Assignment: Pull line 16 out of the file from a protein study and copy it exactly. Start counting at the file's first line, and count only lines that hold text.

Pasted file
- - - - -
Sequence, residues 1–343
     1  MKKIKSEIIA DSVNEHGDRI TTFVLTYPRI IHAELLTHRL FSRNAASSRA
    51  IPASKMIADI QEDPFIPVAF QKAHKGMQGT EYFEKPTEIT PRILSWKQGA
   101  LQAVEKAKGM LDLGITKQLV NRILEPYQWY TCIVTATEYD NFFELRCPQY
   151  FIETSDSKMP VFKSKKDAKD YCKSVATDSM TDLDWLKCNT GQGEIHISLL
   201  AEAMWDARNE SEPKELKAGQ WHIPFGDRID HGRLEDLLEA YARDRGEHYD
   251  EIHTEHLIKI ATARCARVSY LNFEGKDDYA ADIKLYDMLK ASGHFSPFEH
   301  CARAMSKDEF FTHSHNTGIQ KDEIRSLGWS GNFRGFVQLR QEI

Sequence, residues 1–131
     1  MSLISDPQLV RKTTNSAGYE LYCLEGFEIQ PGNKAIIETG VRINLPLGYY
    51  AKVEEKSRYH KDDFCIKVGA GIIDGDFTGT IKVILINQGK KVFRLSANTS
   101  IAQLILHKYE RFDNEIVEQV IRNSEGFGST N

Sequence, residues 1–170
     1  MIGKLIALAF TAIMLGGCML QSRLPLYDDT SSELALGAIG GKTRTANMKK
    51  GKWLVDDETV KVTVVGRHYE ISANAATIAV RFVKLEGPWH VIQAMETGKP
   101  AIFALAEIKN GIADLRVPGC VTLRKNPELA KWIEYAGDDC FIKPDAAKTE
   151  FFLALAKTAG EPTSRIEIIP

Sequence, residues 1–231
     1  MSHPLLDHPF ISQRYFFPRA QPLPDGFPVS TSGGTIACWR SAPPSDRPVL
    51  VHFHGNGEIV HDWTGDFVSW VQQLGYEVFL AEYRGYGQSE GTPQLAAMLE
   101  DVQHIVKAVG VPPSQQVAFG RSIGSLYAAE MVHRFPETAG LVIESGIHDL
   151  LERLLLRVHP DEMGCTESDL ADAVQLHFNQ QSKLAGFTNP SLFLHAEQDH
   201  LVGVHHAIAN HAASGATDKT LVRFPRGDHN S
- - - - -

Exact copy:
   101  AIFALAEIKN GIADLRVPGC VTLRKNPELA KWIEYAGDDC FIKPDAAKTE